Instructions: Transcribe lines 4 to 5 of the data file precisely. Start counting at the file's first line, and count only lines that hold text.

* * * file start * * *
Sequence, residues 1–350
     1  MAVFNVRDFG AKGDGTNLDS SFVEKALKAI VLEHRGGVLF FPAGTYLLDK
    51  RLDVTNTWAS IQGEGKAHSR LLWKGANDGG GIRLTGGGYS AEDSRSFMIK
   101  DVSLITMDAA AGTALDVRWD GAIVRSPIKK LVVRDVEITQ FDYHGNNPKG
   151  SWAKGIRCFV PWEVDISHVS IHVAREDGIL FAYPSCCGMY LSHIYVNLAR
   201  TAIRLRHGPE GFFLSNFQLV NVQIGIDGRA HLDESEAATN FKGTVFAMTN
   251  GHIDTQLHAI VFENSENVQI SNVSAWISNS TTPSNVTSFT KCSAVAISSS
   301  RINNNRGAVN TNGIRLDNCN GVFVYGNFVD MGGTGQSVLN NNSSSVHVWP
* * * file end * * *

   101  DVSLITMDAA AGTALDVRWD GAIVRSPIKK LVVRDVEITQ FDYHGNNPKG
   151  SWAKGIRCFV PWEVDISHVS IHVAREDGIL FAYPSCCGMY LSHIYVNLAR